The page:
... that isn't likely to fit in with the 'new' BBC website.
While looking at some clip from the Webscape section of 'Click' there were pieces about hunch.com (which needs one to use either Twitter or FaceBook to be able to use it), while some other piece was about a free (for now) application for the iPhone.
Then, glancing at items on the BBC Three schedule I came across 'Lip Service' and of course viewers were allowed to submit questions to one of the stars using (yes, you've guessed it) Twitter or Facebook (though admittedly it was also possible via the Blog).
What's the problem with the BBC accepting e-mail too ? Presumably the assumption is that the audience are now pretty much guaranteed to be users of blogs, Twitter, Facebook and a new smartphone too...
Well, I know the BBC is always moving with the times, but I suspect they are moving some way ahead of it (happy to spend cash on iPhones and iPads for staff, latest gadgets in their technical areas etc), so... to the question ...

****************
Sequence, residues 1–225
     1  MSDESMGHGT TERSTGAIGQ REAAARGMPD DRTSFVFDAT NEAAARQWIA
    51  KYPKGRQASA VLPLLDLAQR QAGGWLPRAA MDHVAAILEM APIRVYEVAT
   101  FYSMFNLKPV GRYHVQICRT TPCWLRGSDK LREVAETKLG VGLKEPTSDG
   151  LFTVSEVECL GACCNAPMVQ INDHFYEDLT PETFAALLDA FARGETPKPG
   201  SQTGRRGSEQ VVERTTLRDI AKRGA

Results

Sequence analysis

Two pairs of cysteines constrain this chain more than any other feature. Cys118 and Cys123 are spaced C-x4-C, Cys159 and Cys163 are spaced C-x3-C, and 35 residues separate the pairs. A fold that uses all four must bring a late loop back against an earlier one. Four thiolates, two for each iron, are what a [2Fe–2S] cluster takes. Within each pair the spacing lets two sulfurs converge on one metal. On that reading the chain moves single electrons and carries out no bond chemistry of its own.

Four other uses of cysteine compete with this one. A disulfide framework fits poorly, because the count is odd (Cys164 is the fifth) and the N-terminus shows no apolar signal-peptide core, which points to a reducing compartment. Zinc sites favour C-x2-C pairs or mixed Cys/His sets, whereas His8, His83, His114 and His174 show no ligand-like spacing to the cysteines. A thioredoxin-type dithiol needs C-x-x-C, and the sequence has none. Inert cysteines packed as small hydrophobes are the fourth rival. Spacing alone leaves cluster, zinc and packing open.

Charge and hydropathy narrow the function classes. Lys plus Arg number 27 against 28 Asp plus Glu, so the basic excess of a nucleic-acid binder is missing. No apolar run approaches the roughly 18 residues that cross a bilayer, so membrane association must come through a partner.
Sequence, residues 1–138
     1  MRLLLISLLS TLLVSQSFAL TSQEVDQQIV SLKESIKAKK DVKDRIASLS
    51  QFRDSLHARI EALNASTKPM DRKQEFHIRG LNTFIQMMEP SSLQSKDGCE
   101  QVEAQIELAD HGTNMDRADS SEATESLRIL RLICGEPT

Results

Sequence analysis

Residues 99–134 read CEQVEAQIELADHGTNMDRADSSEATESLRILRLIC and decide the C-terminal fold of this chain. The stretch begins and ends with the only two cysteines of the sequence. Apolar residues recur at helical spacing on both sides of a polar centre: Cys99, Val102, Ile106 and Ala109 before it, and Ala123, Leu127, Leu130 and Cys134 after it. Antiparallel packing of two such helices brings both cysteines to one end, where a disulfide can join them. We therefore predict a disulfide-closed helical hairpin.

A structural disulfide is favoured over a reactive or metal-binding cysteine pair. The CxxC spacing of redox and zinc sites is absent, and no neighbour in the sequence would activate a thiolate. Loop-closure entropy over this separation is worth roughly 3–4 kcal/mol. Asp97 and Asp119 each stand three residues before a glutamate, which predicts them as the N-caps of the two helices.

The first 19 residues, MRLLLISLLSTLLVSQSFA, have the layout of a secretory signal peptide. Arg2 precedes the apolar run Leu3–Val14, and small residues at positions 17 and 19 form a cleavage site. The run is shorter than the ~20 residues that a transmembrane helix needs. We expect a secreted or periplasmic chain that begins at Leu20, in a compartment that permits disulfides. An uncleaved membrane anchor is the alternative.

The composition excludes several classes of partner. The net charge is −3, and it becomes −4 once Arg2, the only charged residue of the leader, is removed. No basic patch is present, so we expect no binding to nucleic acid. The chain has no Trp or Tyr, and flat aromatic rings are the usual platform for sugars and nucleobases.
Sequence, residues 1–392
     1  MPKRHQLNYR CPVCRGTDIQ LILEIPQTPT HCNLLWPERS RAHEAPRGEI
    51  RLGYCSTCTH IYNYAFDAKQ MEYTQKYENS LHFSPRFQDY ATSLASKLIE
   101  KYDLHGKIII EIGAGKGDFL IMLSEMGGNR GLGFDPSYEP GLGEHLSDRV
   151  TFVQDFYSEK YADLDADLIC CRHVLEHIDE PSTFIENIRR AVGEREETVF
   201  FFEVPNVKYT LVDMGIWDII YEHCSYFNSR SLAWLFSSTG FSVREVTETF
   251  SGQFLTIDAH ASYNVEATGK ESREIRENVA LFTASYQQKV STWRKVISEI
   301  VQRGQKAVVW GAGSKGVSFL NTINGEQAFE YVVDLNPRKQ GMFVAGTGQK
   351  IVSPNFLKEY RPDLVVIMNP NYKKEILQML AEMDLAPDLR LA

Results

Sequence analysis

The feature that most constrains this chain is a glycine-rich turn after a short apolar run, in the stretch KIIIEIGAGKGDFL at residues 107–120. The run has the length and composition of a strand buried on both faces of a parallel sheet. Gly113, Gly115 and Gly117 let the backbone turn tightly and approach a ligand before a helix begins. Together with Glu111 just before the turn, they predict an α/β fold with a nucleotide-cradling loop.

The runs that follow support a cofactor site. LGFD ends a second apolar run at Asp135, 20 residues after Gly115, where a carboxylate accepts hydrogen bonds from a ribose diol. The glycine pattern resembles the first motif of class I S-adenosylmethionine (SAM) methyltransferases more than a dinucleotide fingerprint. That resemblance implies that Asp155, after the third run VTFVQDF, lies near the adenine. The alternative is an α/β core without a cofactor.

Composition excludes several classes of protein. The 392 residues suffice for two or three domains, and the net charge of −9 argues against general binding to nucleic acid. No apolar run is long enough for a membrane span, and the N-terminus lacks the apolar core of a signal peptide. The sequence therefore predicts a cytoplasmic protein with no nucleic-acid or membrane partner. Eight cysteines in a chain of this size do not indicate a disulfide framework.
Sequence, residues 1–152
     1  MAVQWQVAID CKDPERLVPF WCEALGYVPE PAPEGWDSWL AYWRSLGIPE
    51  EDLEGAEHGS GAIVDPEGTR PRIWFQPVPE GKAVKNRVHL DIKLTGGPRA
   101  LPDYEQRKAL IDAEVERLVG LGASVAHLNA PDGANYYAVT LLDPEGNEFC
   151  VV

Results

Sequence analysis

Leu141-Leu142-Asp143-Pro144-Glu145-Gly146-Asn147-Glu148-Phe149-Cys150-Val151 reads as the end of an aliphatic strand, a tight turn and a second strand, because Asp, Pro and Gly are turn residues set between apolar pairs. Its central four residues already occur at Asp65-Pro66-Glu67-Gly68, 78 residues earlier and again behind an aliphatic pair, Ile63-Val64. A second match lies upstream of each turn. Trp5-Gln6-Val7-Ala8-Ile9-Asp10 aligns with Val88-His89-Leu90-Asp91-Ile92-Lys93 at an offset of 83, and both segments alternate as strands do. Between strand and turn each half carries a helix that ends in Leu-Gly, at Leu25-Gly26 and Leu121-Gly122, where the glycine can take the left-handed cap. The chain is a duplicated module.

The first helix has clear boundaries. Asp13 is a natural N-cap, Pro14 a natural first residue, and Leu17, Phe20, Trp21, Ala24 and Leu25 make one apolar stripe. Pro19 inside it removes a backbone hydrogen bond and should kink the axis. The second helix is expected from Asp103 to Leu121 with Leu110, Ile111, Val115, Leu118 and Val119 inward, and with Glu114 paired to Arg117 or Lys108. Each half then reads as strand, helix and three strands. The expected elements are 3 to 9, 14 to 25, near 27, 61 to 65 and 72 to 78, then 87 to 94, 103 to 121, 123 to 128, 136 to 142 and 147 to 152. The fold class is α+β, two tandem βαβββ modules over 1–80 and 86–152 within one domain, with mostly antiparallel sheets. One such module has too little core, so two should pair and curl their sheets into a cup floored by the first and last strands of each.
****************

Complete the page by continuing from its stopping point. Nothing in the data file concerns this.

Do others also feel the BBC is moving too far, too fast, into technology (considering not everywhere has internet access, and many poorer families may have no access to the net, don't have a PC, and if they have mobile phones, are limited to text and voice messages?
I do agree with you - up to a point. Even those of us that do have access to those technologies maybe choose not to use them.
I prefer to just watch a tv programme and have never (apart form posting on here ) felt the need to engage further with the experience. I don't watch the making of the programme programmes (eg Dr Who Confidential) or even the Apprentice - You've been Fired follow up to the show.